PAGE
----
Posted on July 10, 2006

Clinton Speaks Out On Illegal Workers

Jeffrey L. Rabin, Los Angeles Times, July 9, 2006

Former President Clinton told one of the nation’s largest Latino civil rights groups Saturday that the conservative wing of the Republican Party is using the immigration issue to divide Congress and the nation.

“It is a way of creating a divided community and distracting people from the real challenges facing the country, whether it is in Iraq and Afghanistan, or homeland security, or how to build a clean energy future, or how to solve the healthcare crisis, or how to create new jobs for America,” he said.


Clinton said hard-liners are “basically saying these undocumented broke the law, send them home — never mind that they are 5% of the workforce and a far bigger percentage in certain critical areas.”

“It’s crazy to think about sending 11 million people home” to their native countries, said the former president, who called the recent demonstrations for immigrant rights “incredibly moving.”

He said he favors the Senate’s approach to changing immigration laws, although there are some elements of the bill he dislikes. The Senate legislation would enhance border security, create a guest worker program and put most of the nation’s illegal immigrants in line for citizenship.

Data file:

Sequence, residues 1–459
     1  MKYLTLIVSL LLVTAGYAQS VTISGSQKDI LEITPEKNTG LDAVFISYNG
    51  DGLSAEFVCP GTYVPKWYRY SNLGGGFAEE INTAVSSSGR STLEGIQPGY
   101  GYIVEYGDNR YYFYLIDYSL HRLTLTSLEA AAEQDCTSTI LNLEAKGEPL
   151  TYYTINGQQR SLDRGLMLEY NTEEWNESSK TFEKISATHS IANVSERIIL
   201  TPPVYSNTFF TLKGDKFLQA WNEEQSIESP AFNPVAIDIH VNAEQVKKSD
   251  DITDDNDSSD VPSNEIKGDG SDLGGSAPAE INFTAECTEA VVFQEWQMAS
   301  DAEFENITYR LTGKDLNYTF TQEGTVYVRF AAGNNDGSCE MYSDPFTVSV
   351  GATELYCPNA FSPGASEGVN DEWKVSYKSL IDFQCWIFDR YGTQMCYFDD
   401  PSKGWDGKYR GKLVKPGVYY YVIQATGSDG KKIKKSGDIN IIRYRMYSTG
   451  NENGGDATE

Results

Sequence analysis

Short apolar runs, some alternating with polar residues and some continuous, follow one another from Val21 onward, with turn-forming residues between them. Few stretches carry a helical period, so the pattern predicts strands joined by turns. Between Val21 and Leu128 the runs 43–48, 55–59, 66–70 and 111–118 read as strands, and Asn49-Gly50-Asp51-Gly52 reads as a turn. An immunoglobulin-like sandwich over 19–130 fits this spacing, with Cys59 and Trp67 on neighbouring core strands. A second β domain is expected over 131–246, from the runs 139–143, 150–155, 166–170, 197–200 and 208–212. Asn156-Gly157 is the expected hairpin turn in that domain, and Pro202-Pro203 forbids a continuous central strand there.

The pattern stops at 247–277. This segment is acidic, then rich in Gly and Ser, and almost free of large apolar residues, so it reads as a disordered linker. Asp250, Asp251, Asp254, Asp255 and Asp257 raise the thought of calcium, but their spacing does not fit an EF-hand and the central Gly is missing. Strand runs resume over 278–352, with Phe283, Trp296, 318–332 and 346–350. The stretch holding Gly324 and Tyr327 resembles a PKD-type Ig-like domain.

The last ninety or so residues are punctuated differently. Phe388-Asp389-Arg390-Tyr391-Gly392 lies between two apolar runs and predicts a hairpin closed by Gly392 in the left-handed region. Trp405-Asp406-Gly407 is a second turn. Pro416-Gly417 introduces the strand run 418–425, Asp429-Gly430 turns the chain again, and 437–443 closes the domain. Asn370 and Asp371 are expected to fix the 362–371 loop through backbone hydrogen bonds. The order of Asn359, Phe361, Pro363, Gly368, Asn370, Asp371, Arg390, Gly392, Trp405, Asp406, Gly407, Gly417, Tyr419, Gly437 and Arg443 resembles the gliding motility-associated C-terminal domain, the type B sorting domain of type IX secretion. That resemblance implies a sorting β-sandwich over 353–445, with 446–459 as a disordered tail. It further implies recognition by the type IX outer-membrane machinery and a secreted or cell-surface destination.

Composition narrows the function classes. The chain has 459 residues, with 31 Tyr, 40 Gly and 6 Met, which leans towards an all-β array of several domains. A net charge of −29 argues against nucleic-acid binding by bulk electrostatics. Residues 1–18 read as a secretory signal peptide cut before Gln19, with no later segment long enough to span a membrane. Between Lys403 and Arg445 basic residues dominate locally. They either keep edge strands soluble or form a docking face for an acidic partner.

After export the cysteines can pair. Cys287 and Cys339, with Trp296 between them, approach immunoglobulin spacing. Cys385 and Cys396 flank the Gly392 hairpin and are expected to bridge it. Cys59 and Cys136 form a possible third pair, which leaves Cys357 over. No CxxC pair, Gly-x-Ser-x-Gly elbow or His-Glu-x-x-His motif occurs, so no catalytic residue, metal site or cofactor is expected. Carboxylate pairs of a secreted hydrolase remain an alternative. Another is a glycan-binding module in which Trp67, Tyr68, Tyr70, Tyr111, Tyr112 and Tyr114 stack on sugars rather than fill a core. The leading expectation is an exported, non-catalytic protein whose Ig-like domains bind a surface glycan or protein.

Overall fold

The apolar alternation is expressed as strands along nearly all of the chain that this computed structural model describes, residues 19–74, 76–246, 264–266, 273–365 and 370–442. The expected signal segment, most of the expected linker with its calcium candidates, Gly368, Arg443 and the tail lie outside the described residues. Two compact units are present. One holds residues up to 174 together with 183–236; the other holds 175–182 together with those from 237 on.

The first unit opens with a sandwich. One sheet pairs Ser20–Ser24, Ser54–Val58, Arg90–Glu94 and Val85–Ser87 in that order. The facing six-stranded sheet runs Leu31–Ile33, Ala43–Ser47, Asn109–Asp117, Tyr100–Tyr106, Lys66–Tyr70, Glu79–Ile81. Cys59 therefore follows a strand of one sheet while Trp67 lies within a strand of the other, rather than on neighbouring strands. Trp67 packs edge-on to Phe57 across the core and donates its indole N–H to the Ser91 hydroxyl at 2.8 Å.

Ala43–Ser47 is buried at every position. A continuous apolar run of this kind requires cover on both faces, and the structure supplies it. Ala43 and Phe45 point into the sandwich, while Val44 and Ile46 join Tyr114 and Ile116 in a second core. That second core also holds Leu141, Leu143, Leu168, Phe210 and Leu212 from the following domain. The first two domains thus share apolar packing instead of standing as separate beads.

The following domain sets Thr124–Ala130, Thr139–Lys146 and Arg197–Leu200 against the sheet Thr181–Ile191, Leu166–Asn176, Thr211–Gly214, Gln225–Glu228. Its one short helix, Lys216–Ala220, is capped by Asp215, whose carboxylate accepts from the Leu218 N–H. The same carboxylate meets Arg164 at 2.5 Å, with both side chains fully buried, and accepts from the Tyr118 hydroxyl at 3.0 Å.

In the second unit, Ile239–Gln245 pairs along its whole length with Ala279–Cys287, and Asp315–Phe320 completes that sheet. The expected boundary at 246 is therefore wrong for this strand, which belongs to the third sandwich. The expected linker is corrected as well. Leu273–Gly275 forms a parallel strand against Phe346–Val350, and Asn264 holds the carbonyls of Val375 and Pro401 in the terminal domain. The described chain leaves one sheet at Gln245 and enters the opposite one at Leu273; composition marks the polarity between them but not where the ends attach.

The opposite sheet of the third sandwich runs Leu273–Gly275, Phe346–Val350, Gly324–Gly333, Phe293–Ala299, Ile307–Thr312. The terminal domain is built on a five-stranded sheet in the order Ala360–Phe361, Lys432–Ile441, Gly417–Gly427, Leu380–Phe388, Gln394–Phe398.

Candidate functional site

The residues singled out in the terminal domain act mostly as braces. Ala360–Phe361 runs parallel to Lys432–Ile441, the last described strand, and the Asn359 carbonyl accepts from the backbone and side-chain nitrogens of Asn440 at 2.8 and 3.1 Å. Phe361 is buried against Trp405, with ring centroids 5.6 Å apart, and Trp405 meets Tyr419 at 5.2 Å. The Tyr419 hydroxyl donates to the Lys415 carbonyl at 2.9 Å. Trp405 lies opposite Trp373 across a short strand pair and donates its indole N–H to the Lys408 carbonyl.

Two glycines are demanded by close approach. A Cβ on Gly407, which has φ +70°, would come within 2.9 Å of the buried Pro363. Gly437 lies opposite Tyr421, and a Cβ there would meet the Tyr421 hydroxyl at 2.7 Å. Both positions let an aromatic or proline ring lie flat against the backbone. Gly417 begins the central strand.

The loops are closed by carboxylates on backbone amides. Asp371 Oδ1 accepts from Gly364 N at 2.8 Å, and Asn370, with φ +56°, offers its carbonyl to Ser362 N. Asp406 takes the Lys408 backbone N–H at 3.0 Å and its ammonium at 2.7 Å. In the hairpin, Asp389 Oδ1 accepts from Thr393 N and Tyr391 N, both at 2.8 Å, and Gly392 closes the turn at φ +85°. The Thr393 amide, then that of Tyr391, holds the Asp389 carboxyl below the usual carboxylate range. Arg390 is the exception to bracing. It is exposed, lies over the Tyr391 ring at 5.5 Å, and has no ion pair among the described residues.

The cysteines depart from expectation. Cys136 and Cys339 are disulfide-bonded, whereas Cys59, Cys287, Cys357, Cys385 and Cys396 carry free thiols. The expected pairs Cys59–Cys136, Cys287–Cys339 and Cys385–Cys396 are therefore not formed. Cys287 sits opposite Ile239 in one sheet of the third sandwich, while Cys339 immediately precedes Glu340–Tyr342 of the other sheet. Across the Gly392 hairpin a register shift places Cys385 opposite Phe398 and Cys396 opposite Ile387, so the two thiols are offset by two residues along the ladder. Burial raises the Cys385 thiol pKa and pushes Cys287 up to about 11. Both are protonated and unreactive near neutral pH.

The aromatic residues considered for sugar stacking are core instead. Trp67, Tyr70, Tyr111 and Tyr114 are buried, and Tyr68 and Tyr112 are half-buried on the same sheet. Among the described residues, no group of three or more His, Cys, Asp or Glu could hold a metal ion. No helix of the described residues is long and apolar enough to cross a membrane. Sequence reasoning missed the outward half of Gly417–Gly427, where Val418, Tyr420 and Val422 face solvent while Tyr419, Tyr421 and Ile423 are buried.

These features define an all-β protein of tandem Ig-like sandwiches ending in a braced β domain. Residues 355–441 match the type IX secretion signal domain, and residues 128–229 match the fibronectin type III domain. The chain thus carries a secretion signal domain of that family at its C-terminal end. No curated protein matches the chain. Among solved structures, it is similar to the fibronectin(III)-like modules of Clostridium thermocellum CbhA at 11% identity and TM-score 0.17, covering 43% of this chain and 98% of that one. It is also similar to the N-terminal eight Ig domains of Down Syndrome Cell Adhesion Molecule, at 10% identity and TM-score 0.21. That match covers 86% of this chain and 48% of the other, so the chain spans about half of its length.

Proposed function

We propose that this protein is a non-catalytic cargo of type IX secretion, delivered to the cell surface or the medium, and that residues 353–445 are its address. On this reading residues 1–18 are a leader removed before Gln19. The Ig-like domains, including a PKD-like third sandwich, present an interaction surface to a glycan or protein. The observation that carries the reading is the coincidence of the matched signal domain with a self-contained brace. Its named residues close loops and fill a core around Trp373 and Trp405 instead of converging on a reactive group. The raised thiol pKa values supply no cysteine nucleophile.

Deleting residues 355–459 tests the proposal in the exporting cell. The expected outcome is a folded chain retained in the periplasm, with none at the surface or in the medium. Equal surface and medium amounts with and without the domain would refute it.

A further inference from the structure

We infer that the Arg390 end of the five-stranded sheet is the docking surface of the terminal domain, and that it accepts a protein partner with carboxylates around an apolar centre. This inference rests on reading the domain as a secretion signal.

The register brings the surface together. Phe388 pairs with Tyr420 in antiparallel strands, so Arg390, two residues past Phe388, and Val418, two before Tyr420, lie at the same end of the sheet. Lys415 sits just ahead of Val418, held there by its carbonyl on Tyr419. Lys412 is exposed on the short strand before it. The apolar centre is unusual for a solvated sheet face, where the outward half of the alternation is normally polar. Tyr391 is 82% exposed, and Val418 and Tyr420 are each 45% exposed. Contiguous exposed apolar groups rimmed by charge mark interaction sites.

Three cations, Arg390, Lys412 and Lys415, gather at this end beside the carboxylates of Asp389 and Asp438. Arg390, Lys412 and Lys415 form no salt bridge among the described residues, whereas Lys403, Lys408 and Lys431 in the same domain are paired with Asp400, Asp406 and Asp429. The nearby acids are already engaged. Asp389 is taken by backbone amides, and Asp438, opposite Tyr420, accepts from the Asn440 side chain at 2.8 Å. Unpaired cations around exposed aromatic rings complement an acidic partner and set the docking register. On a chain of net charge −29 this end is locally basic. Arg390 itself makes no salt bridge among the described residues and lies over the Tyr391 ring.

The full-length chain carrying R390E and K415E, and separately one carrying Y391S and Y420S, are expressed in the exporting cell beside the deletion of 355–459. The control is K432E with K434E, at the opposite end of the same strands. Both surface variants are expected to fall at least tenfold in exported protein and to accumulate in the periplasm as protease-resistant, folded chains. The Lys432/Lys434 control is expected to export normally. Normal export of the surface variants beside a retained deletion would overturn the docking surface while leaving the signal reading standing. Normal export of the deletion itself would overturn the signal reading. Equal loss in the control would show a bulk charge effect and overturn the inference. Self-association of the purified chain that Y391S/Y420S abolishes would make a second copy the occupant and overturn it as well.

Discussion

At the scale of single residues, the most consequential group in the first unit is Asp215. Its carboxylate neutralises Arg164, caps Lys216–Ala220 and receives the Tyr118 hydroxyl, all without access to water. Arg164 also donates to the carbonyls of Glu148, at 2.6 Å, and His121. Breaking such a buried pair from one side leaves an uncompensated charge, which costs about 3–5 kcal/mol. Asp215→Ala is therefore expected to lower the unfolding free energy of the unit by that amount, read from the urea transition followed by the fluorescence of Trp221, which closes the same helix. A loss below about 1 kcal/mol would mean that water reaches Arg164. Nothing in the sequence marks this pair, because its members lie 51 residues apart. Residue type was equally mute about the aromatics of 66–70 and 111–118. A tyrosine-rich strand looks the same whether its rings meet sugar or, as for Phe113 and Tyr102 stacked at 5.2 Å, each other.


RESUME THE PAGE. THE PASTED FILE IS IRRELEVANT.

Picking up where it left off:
“At least it says we ought to provide a path to citizenship for these hard-working, law-abiding people,” Clinton said. “We ought to do it in a way that does not put them ahead of those who patiently waited in the legal process.”


Bill Clinton thanked President Bush for siding with moderates in his own party regarding immigration. He suggested that Bush had a different understanding of the immigration issue because of his ties to Texas, where Latinos have been part of the history and culture for many generations. “It’s hard to demonize people if you know ‘em.”


Clinton also praised Villaraigosa’s view of “America as a family, an inclusive family, a family that will let everyone in.”


Clinton’s speech underscored some of his core political values. “America is and always will be a nation of immigrants,” he said. “We have to create one America based on our diversity, not trying to deny it.”